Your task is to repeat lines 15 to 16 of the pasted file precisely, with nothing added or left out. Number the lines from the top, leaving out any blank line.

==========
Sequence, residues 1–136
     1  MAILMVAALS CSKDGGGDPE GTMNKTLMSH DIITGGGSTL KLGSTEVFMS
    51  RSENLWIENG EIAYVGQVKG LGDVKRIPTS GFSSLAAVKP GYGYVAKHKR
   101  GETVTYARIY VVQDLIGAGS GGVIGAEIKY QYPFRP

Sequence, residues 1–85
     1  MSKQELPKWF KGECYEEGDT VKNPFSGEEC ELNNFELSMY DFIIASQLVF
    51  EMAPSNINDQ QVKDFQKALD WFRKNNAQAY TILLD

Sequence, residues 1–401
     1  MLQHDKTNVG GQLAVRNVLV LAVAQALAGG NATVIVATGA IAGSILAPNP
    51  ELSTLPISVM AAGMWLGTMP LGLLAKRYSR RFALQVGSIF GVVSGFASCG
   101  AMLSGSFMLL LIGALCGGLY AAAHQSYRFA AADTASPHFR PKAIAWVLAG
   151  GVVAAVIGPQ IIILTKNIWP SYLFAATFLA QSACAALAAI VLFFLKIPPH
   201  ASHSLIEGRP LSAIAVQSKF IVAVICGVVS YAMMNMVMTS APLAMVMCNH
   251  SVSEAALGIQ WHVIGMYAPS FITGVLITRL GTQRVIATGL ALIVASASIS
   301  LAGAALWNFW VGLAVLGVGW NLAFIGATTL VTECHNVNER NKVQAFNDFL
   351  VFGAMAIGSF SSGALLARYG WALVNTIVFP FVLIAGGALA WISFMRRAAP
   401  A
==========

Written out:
   301  LAGAALWNFW VGLAVLGVGW NLAFIGATTL VTECHNVNER NKVQAFNDFL
   351  VFGAMAIGSF SSGALLARYG WALVNTIVFP FVLIAGGALA WISFMRRAAP